It is not always easy to guess at President Trump’s decisions, but he currently seems to have two options in dealing with the Iran nuclear agreement or Joint Comprehensive Plan of Action (JCPOA). The first is to put the U.S. into material breach of the Iran nuclear deal by failing to renew the waivers of nuclear sanctions on Iran by a deadline of May 12, 2018. The second is to delay such action, but use the threat of renewing sanctions to pressure Iran, America’s European allies and other powers to agree to additional arms control agreements on missiles, de facto or de jure expansion of the JCPOA, and/or limits on Iran’s influence outside Iran.
The President has already demonstrated that he can find ways to partially waive the agreement and step up the pressure on Iran, as well as nations that travel with it. There are limits, however, to how far the President can go and still semi-comply with the JCPOA. The U.S. has not opened its financial markets fully under the terms of the agreement, and Iran can already make a case that the U.S. is failing to comply. There are also limits to how long he can delay action and keep up credible pressure on other powers. At some point this year the President will almost have to either restore sanctions and end U.S. participation in the agreement or succeed in forging some kind of acceptable compromise that will place additional limits on Iran.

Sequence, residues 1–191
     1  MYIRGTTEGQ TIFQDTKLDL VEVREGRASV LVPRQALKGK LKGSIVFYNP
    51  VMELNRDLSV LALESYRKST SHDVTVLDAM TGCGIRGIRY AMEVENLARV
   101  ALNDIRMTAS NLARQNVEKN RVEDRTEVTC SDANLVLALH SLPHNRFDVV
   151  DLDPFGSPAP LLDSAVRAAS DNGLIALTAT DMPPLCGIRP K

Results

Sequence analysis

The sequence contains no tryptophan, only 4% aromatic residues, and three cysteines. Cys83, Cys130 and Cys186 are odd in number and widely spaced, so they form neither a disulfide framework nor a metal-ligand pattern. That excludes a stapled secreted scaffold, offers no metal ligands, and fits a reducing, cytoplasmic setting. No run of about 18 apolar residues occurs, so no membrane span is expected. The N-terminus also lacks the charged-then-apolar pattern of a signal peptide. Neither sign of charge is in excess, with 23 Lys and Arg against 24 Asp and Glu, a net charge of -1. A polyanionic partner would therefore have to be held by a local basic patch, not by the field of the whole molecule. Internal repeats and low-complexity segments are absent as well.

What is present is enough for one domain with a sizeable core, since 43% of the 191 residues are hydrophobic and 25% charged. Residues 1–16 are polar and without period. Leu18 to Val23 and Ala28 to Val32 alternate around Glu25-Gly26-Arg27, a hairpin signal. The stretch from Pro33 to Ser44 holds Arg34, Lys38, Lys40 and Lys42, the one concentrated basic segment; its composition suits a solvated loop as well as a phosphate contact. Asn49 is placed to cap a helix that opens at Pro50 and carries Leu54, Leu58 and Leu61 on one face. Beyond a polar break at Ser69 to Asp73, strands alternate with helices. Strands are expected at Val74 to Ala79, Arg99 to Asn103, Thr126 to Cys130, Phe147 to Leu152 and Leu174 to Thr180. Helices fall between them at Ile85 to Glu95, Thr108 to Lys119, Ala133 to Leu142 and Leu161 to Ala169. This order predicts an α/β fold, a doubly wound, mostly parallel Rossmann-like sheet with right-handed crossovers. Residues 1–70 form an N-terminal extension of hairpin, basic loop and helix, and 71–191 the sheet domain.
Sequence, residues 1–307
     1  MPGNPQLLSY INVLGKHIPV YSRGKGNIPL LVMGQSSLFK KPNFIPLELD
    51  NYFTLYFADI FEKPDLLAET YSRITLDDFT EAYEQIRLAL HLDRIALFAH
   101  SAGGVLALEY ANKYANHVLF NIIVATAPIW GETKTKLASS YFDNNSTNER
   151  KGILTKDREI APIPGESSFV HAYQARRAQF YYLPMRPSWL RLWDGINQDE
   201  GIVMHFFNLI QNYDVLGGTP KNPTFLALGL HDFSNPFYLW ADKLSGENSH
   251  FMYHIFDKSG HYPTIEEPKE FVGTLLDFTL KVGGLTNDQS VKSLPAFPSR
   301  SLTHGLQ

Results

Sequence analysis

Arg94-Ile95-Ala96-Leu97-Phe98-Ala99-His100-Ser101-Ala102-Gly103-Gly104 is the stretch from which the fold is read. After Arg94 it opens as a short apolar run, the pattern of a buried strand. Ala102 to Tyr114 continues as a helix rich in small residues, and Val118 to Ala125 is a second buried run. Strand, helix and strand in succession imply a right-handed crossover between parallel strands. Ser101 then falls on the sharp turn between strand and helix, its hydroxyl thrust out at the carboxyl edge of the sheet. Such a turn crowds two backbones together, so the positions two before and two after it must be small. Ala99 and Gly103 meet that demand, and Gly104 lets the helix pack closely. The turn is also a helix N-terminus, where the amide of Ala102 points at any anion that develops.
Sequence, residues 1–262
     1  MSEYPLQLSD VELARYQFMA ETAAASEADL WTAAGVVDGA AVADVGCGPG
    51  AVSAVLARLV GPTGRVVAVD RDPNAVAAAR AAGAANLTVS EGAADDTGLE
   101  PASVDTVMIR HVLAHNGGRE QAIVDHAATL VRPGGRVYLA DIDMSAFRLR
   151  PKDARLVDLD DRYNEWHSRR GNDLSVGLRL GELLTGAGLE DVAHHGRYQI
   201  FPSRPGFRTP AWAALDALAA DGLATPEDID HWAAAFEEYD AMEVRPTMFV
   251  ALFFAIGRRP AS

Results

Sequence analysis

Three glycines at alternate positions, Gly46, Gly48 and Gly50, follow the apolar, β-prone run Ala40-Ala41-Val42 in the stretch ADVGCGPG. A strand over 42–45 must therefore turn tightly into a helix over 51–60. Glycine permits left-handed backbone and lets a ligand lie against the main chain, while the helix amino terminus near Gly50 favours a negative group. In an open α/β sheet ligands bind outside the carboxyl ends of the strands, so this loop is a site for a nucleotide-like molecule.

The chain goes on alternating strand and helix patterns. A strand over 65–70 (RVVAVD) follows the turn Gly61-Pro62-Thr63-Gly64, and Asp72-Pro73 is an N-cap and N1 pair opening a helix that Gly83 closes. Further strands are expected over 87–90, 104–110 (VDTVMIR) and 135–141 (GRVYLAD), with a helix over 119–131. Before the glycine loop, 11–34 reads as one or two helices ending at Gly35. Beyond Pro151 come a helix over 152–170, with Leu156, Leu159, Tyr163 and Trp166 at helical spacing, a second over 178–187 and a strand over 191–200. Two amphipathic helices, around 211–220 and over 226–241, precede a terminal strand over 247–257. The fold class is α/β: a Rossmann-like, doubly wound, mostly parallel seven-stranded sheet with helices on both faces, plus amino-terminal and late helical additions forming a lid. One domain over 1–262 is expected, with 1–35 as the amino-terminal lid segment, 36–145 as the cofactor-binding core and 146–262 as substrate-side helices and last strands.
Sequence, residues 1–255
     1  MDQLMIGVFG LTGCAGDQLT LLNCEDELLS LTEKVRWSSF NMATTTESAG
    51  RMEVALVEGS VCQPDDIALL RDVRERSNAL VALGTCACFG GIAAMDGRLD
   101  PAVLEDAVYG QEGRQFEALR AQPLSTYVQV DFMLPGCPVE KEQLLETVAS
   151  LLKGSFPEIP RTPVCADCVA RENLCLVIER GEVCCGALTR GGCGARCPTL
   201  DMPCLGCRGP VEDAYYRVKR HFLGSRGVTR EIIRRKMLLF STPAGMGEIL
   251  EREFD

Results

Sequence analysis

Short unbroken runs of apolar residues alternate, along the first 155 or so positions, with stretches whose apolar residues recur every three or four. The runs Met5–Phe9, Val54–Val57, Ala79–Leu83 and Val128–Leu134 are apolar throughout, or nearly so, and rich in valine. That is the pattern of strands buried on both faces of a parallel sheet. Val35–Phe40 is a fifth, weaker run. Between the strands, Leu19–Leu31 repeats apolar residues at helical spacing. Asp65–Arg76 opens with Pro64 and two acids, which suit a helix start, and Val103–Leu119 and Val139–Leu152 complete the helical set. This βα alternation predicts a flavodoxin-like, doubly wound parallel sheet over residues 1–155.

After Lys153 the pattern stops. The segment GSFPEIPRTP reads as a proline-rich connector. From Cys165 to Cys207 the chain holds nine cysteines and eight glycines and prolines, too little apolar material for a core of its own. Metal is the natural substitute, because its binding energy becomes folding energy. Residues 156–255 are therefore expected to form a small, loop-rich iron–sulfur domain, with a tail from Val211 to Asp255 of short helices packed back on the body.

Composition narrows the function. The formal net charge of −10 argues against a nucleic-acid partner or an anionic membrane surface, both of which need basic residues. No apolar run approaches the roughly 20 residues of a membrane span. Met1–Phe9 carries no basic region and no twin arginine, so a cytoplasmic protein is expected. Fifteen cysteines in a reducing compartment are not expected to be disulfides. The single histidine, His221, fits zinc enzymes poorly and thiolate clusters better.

Option One: If the President Does Seek to End U.S. Participation in the JCPOA
Much of the media and think tank reporting on the President’s options for ending U.S. participation in the JCPOA has focused on President Trump’s most immediate option, which is to end the waiver to many of the nuclear weapons related sanctions that the U.S. placed on Iran before the JCPOA. These options are complex, involve different levels of Congressional action, and are likely to be opposed by many allies and other members of the 5+1, and provoke action by Iran.